Goodbye and thanks to the team who kept publishing me, even when I was writing from the perspective of an anthropomorphised pair of elephant pants.
By JARED DOWNING | FRONTIER
WHEN people complain about Frontier magazine being too sober, I think back to the time its editors let me call them “crotchety jerks” in the opening line of a column.
I didn’t really mean it. The Frontier news team, past and present, are wonderful journalists and people. Rather, I was merely sounding the depths of what they would tolerate in these pages.
I’m happy to say that I never found its bottom. I’ve laced my columns with innuendos and F-bombs. I’ve made up entirely new words and passed them off as American slang. I’ve openly admitted to breaking the law in one column, and then, writing under a different name, called on the police to bring me to justice.
Yet, in issue after issue, my words and images would appear, in all of their impudent, foul-mouthed glory.
It began with “The Secret Wizard of Sedona Hotel”, about posing as a business traveller at Sedona Hotel in order to use its internet to play nerdy online games. That Valentine’s Day, feeling bolder, I satirised expat bellyaching in a breakup letter with Myanmar penned under the name X. Pat Whiteman. After they published “A Few of my Favourite Things in Yangon”, which was literally just me listing things I like, I started aggressively searching for something the newsroom heads would say “no” to.
When I told them I was going to “review” a Myanmar language film and then submitted the incoherent notes I’d scribbled in the cinema while sloshed on High Class brand whisky, they asked for a sequel. When I used my Frontier company ID to bluff my way into the press box of an international football match, not only did they run the column, but listed me as “Sports Reporter” on Frontier’s masthead.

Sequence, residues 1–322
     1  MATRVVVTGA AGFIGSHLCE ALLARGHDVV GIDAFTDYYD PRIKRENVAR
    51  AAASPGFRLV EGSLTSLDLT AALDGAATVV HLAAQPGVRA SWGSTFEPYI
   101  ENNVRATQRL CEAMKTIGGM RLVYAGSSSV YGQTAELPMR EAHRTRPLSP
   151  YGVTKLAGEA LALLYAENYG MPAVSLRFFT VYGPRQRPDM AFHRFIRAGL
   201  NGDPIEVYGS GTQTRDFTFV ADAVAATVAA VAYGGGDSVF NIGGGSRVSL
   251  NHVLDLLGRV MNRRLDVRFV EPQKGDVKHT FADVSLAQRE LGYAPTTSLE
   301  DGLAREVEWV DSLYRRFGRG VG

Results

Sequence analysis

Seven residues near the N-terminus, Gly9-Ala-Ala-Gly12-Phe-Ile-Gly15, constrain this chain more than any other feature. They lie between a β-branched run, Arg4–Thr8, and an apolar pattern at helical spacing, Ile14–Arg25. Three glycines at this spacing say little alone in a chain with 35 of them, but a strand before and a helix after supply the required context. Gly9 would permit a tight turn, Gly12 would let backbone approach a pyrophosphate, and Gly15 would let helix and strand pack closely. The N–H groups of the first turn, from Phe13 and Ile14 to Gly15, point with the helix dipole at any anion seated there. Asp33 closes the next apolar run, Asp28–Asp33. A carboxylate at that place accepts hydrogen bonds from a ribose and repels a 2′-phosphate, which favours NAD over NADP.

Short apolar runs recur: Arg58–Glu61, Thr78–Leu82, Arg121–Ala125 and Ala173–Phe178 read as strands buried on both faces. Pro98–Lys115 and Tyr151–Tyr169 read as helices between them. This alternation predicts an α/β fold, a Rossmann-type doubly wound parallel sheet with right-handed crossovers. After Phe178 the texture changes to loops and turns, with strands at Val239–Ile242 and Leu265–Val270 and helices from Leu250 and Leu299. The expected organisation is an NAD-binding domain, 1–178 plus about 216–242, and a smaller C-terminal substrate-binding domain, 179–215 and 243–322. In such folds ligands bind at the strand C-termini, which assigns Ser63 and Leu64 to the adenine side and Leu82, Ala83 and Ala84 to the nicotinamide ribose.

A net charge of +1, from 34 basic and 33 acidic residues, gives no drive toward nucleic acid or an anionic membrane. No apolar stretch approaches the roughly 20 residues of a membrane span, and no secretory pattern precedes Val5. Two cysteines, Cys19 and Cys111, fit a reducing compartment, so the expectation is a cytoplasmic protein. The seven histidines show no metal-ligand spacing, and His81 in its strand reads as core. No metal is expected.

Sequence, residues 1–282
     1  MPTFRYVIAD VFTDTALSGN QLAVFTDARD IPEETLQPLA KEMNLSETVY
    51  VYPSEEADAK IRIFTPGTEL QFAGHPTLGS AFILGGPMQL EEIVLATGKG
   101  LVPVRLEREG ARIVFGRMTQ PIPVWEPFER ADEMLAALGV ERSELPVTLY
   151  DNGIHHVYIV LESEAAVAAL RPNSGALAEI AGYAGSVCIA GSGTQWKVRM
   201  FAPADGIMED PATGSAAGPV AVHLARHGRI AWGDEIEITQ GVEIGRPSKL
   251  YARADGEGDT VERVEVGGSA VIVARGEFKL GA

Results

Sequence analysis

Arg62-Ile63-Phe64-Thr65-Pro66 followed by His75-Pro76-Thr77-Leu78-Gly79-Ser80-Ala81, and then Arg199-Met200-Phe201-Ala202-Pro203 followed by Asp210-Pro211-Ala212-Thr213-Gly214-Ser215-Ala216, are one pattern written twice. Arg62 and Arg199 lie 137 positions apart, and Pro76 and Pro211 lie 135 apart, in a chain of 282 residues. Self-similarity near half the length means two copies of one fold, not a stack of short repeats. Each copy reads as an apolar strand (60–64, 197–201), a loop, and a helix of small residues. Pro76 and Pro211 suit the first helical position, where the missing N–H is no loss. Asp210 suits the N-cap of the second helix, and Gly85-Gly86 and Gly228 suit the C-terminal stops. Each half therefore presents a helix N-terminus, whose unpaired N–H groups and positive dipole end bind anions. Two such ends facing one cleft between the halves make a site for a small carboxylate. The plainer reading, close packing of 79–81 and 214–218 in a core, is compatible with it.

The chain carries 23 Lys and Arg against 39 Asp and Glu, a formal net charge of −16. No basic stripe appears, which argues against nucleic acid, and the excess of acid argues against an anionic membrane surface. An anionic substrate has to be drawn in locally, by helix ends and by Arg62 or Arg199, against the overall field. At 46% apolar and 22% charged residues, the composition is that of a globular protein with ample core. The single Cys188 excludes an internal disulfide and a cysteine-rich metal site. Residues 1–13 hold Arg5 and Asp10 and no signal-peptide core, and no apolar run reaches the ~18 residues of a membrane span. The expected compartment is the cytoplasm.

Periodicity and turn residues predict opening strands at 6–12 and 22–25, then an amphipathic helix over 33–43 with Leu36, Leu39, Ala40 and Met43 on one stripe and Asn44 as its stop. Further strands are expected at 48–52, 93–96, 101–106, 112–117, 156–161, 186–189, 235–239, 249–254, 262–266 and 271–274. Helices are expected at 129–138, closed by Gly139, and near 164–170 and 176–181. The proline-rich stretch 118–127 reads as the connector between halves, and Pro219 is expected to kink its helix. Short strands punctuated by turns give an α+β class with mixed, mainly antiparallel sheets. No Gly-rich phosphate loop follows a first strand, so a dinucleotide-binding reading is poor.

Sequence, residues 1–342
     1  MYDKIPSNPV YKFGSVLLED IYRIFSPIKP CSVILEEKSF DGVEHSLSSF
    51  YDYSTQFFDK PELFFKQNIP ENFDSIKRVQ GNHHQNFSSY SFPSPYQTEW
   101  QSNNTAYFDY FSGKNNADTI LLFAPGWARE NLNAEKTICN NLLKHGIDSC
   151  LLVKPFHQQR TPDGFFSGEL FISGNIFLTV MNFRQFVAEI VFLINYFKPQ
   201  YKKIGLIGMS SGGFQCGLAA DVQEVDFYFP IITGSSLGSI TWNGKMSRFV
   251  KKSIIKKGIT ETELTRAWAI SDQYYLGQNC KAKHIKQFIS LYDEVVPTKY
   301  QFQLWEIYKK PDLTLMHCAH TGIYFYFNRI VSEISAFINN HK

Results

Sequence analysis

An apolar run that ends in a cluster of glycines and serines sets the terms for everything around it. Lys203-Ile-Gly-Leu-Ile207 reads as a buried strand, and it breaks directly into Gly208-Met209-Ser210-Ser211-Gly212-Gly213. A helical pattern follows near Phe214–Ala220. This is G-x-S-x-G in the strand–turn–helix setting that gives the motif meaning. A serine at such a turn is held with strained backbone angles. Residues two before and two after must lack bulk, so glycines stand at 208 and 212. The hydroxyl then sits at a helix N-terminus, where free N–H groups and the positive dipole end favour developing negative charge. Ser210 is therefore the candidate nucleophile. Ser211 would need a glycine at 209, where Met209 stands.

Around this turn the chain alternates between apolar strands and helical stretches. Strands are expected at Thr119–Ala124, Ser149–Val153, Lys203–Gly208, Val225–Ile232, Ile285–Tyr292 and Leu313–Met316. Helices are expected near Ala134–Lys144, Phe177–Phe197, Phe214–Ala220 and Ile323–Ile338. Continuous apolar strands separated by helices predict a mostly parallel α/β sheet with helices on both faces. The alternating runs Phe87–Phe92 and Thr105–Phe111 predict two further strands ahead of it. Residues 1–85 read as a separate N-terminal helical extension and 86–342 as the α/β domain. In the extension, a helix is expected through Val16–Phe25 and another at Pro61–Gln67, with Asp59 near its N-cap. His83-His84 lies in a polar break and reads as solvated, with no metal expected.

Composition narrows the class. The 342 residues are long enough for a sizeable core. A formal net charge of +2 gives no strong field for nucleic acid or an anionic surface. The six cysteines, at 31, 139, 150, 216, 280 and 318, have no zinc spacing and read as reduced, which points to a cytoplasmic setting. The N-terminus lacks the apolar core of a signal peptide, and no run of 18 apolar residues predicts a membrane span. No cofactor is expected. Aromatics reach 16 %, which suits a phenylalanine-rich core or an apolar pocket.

These people let me write a column from the perspective of an anthropomorphised pair of elephant pants. They let me draw Vladimir Putin twerking at the Russian embassy Christmas party. They ran crossword puzzles with clues that literally called for my own sacking. Those familiar with last year’s Aperol Spritz scandal may recall X. Pat Whiteman’s response: “How to Live Like a Local.” A surprising number of readers didn’t understand that it was satire and actually believed there was an expat in Yangon who steals food from street dogs and sleeps on a fire escape.
Of course, these same editors approving this nonsense also joined in the fun, and – as this magazine’s cartoonist – it was an absolute joy to draw editor-in-chief Thomas Kean behind the wheel of a dilapidated Yoma Car Share vehicle, digital editor Clare Hammond trapped in a bus stalled by a local parade in Shan State, or awarding-winning reporter Kyaw Phone Kyaw sulking in a yellow raincoat during Thingyan.
So, I would like to thank those “crotchety jerks”. Thanks to Tom and Ben for staying late at the office while I finished a sketch of an egg with an angry face, and Clare, who remained a paragon of patience even though I could never remember to send the web versions of the cartoons. To Geoffrey, the veteran newspaper man who had to edit text sloppier than a backpacker at Penthouse. To Maisy, HR head and a woman of faith, who prayed each morning that I wouldn’t lose another FRC form or let my visa expire again. To Oli, Sean, Peter and Alex. To Hans, who hired, sight unseen, a broke freelancer from Alabama. And of course, Sonny Swe; may his days be long, strong and full of whisky.
Frontier allowed me to splatter their pages with the jokes and drivel that, like a rubber coat in Thingyan, helped me weather the fear, anger and pain that haunts the country I fell in love with. And this news team, the editors, reporters, photographers and translators of Frontier, face all of that badness head on, every day. But take it from me: When you see their work, their sober analysis, tragic features and heart-breaking images, know that somewhere, beneath it all, there is a smile.